Skywatcher Photos Capture Dazzling Meetup of Venus & Jupiter
Skywatcher Shawn Malone took this photo of Venus and Jupiter at Eagle Harbor, MI, with the planets setting over Lake Superior, on March 10, 2012.
CREDIT: Shawn Malone
Venus and Jupiter have been lighting up the sky together for the past few days, and observers around the world are snapping spectacular photos of the celestial show.
After dancing toward each other in the sky for months, the two bright planets finally come together tonight (March 13) in what's known as a conjunction. At their closest point this evening, they'll be separated by a scant 3 degrees as they hover above the western horizon. (Your clenched fist held at arm's length covers about 10 degrees).
Skywatchers around the globe have been documenting this planetary tango, taking stunning pictures of the pair blazing brightly in tandem.
"Venus and Jupiter made a beautiful sight in the evening sky," skywatcher Karthikeyan VJ told SPACE.com via email Tuesday. VJ, who is from Chennai, India, photographed the duo while in Estonia's capital city of Tallinn. "They were more beautiful during twilight." [Great Skywatcher Photos of Venus and Jupiter]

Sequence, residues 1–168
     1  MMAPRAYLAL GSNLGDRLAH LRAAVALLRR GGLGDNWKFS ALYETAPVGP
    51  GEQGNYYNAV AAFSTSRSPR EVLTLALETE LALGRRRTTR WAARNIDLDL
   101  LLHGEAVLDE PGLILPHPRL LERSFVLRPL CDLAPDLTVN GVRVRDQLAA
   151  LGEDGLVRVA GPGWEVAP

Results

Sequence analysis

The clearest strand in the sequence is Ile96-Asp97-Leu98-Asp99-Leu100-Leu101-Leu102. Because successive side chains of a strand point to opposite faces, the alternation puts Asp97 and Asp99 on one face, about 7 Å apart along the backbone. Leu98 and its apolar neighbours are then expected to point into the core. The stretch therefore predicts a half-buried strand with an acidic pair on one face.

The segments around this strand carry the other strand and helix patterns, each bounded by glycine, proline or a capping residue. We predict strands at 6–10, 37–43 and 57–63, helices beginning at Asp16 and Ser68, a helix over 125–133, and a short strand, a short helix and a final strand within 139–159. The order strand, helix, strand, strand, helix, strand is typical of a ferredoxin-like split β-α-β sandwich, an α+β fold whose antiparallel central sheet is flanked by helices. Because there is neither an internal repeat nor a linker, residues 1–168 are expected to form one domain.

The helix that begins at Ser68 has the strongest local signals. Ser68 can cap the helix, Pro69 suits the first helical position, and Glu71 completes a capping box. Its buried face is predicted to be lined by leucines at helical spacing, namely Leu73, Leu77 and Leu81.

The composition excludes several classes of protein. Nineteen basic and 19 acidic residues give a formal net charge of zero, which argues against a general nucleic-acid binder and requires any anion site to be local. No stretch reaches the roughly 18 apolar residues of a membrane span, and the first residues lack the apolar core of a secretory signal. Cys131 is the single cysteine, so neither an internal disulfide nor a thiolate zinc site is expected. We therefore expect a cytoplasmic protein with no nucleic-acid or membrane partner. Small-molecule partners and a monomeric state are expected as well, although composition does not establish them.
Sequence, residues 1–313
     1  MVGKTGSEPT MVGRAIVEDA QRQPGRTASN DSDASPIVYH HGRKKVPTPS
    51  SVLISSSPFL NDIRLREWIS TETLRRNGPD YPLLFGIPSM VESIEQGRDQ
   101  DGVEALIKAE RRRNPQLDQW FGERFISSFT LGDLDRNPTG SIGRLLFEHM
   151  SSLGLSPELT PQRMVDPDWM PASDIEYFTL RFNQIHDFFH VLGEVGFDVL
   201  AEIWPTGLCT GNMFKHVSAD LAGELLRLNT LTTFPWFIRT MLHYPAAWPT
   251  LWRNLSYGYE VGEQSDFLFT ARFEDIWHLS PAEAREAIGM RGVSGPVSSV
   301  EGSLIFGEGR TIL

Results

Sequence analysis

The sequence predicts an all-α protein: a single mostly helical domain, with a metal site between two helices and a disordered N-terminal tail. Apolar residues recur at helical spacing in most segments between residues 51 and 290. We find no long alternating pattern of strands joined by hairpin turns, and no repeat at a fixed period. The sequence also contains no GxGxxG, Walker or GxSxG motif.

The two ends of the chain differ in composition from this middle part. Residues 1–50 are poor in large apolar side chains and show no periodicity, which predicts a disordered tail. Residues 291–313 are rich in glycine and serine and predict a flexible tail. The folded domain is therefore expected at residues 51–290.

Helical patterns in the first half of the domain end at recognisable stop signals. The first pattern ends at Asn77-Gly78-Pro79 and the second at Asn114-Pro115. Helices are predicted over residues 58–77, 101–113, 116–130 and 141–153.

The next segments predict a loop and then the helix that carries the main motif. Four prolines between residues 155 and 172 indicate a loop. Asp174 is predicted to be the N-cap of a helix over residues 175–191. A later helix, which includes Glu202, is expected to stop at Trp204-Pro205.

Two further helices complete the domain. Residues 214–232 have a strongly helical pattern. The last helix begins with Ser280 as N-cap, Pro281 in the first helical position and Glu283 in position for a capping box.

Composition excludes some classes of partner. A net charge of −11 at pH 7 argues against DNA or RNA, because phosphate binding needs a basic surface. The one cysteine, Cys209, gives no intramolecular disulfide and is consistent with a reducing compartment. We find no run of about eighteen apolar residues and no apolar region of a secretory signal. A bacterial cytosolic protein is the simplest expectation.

The planets highlight a serene photo taken by Jim Gemmel on March 10, though a feathered interloper made a play to steal the show.
"I planned to use the lake as a backdrop but was pleasantly surprised to see the swan who lives there literally get into the picture too," Gemmel told SPACE.com.
Jupiter-Venus conjunctions are fairly special events, occurring just once every 13 months or so. And this year's is a particularly impressive one, experts say, because the two planets blaze so brightly and are visible for such a long time over the western horizon.
The show isn't over after today, either. While Jupiter and Venus are fixing to go their separate ways in the sky, they'll remain quite close together for a few days yet. On Wednesday (March 14), for example, they'll be just 3.1 degrees apart; by Thursday, the gap between them will have widened to roughly 3.5 degrees.
Though Venus is much smaller than the gas giant Jupiter, it's far more luminous in the sky because it's much closer to Earth. Our planet orbits the sun at a distance of 93 million miles (150 million kilometers), a span defined as 1 astronomical unit (AU). Venus is just 0.72 AU from the sun, while Jupiter orbits at an average distance of 5.2 AU.
While Venus is winding down its dance with Jupiter, skywatchers should make sure to check back in with the hellishly hot planet a few months from now. On June 5, Venus will cross the sun's face from our perspective, appearing as a tiny black dot.
Such Venus transits are exceedingly rare events; after June 5, the next one won't take place until 2117.
If you snap an amazing photo of Venus and Jupiter, or any other skywatching target, and would like to share it for a possible story or image gallery, please contact SPACE.com senior writer Mike Wall at firstname.lastname@example.org.
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